Running alongside my love of reading are a passion for maps and a desire to travel – a real combination of my parents’ interests and all encouraged by them as I was growing up. For a long time my actual travel was very limited but my dreams and my interest never have been, with the result that I have a decided tendency to read books that have a strong sense of place and a definite geographic setting. I only realised this quite recently as, yet again, I got out an atlas to plot the course of a character’s journey.
Thinking back, I must have been nine or ten when I was first bitten by the desire to see new places and especially those places I had read about. And where was that first place? The Austrian Tirol, of course! For me, the Austrian Chalet School began with Rivals of the Chalet School, so it was a winter scene that gripped me. Mum had actually been to Austria (a fact I found amazing at that age) and she could tell me about Innsbruck but she’d never heard of the other places. Dad got out his atlas and we looked at the index but most of them didn’t get a mention. The only one we could find was Maurach. Along with Innsbruck that gave me a rough idea of where the Chalet School was. In those pre-Internet days it took me a long time to amass enough knowledge to hazard a guess that maybe, just maybe, the Tiern See was really the Achensee. And then came Helen McClelland’s Behind the Chalet School, confirming my suspicions. And from that day on it became my ambition to visit Austria and see the real places Elinor Brent-Dyer had used in her books.
I was 25 before the opportunity presented itself, old enough to realise that things would have changed in seventy years! Part of me was very nervous about going to Pertisau but, deep down, I knew that nothing would stop me! And as the train from Jenbach made its way up the mountainside my excitement grew much to the bafflement of the friend with whom I was travelling. As we sailed from Seespitz across to Pertisau I was muttering under my breath, recalling characters and events from Elinor Brent-Dyer’s Chalet School books. It was such a fun day seeing the setting of those books unfold before me. I’ve been back many times and I still love it, with or without its fictional connections.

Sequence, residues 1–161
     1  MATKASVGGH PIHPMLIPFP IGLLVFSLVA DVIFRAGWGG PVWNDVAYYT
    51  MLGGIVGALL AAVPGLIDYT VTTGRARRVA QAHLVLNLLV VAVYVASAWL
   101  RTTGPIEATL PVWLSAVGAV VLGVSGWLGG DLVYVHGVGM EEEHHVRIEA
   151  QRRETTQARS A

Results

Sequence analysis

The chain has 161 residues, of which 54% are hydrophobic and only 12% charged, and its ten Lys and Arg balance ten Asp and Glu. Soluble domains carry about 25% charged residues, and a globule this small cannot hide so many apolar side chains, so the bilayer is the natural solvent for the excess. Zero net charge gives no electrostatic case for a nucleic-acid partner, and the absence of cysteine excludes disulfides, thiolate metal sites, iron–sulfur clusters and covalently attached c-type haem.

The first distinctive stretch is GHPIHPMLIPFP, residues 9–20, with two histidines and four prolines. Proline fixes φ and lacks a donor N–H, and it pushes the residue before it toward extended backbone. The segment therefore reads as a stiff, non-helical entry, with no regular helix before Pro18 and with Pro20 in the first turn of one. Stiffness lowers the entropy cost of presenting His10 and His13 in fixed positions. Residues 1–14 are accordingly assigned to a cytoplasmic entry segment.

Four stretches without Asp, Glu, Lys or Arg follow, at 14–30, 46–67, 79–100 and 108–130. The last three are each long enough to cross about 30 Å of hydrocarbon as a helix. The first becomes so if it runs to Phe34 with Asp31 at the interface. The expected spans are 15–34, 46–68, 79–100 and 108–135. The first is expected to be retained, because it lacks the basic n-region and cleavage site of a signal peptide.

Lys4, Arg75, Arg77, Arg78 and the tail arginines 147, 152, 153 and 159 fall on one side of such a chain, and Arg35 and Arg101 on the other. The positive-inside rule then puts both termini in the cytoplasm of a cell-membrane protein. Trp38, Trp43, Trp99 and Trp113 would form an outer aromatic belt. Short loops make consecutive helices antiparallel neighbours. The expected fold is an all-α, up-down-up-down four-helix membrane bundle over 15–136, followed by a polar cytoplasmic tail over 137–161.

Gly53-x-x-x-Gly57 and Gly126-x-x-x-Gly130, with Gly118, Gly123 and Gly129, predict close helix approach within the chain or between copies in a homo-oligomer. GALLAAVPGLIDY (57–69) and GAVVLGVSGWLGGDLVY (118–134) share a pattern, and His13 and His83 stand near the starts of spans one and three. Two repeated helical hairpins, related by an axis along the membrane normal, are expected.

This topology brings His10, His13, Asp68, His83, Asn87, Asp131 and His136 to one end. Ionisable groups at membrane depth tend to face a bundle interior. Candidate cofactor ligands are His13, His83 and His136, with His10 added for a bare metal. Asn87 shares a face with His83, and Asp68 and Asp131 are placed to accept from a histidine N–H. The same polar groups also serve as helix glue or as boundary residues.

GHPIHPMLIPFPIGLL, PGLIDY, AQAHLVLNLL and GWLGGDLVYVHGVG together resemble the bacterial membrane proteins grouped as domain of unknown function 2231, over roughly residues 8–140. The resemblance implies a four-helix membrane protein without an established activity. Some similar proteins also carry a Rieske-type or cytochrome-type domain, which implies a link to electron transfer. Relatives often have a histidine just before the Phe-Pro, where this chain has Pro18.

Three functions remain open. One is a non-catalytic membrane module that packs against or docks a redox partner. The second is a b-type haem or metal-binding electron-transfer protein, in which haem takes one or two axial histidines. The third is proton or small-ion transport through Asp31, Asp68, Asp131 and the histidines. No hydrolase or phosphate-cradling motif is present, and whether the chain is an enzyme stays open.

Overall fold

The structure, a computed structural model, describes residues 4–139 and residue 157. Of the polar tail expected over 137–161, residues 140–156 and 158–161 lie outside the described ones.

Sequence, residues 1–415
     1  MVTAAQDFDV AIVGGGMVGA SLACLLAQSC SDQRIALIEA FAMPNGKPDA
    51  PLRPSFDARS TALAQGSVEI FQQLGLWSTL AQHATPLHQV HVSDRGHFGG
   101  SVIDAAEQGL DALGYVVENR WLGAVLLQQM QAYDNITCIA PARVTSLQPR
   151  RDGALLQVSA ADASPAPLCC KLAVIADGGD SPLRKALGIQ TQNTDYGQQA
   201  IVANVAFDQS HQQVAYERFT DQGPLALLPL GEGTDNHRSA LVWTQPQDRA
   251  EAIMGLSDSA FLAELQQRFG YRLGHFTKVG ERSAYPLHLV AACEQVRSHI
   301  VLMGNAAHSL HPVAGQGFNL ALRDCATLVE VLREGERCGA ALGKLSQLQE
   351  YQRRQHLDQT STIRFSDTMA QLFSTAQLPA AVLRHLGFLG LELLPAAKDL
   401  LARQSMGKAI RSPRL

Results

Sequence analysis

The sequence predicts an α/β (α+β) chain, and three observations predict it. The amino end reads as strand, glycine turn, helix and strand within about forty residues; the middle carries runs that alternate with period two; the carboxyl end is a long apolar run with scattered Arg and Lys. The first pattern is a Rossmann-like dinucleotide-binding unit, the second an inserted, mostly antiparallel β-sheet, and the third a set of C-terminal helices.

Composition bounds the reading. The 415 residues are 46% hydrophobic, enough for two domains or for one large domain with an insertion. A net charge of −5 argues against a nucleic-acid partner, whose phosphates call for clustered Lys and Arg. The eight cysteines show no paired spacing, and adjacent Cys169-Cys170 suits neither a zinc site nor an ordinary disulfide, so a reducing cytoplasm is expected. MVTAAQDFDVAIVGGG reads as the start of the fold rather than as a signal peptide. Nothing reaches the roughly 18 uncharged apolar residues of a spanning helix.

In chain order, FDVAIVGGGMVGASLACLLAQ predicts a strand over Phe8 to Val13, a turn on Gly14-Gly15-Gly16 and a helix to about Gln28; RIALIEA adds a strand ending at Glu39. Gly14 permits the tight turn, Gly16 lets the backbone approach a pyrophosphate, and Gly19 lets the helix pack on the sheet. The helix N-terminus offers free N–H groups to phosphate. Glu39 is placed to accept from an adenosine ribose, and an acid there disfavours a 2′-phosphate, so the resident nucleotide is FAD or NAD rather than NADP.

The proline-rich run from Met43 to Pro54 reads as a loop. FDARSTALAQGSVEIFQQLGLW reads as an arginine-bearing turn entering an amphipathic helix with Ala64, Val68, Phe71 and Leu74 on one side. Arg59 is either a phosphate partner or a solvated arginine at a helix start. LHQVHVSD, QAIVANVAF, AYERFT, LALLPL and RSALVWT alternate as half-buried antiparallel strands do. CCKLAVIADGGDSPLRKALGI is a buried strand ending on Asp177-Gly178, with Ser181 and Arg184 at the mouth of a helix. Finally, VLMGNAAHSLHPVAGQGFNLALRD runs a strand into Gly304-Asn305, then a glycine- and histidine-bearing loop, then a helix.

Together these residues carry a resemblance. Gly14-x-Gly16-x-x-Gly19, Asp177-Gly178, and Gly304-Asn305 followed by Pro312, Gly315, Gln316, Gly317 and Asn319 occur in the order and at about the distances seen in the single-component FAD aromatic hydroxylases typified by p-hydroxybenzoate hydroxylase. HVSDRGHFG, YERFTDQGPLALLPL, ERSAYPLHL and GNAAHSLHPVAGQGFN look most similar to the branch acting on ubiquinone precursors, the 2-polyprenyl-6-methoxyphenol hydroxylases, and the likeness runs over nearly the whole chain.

But there is a dilemma for me. Many of the descriptions of places I’ve read about, particularly in children’s books, are old and very few of the places have stayed anything like the same. And there are some places I am almost too scared to visit for fear that the magic will be lost. Twice I’ve had the chance to go to Prince Edward Island and passed it up. I can’t believe that somewhere that sells itself on the very books that make me want to visit won’t have been spoiled by the sheer number of fellow booklovers. And yet I want to walk down Lovers Lane and ramble in the Haunted Wood and daydream at the Lake of Shining Waters. Should I go and risk disappointment or should I stay at home and live with regrets?
There are some places, however, that in essence seem not to have changed at all in decades. One of those places for me is Peebles in the Scottish Borders. It’s a pretty little town on the banks of the Tweed about twenty miles due south of Edinburgh. It was the setting for some of the novels of the pseudonymous O Douglas in the inter-war period of the twentieth century. As Anna Buchan she lived in the town for many years and had family connections in the wider area going back generations. Her novels draw on her own life and the lives of family members and she writes about Peebles (which she calls Priorsford) with intimate knowledge. One year I took a cottage in the town for a week in December. It was right in the centre, on the bank of the Tweed. Every morning I went for a walk; in the afternoons I wrote Christmas cards and in the evening I read all of the O Douglas novels set in the Borders. And every day I expected to meet Jean Jardine or Kirstie Gilmour or Isobel Logan as I walked about the town, so clearly were they and their pursuits described.
With the advent of the internet I’ve been able to follow characters’ movements more closely. It’s not unusual for me to have a street map of London on a screen as I read about Lord Peter Wimsey or Inspector Alleyn. Recently I followed the action in rural Victoria virtually as I re-read The Far Country by Nevil Shute. And there are any number of train journeys across Europe that can be followed online. Progress can be wonderful!